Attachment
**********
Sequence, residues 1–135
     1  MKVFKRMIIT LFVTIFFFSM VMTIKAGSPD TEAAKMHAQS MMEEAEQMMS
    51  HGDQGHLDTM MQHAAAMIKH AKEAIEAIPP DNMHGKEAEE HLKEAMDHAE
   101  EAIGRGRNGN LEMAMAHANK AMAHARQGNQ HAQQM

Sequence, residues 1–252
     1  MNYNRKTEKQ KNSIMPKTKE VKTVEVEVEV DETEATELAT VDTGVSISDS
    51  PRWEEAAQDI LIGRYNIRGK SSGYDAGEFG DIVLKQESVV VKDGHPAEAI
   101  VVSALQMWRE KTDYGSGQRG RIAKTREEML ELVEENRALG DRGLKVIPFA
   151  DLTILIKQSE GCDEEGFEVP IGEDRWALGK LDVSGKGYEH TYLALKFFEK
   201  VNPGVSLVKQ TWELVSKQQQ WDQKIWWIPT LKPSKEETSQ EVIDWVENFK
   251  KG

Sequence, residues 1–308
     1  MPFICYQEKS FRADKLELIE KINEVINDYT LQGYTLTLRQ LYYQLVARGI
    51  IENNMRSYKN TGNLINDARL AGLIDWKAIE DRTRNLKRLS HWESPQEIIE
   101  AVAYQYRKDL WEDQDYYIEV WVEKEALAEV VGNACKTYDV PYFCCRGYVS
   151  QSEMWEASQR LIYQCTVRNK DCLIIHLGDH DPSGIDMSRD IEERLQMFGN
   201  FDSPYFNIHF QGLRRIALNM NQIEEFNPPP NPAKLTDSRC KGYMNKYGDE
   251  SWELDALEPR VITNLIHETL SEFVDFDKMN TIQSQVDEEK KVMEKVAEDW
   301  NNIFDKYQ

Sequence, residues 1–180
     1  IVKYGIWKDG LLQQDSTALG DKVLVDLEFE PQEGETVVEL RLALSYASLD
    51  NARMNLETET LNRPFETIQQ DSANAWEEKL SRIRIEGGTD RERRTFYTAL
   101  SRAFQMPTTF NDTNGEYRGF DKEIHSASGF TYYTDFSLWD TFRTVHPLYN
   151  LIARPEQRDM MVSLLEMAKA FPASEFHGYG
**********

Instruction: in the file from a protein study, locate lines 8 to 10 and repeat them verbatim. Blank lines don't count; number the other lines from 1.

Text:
   101  VVSALQMWRE KTDYGSGQRG RIAKTREEML ELVEENRALG DRGLKVIPFA
   151  DLTILIKQSE GCDEEGFEVP IGEDRWALGK LDVSGKGYEH TYLALKFFEK
   201  VNPGVSLVKQ TWELVSKQQQ WDQKIWWIPT LKPSKEETSQ EVIDWVENFK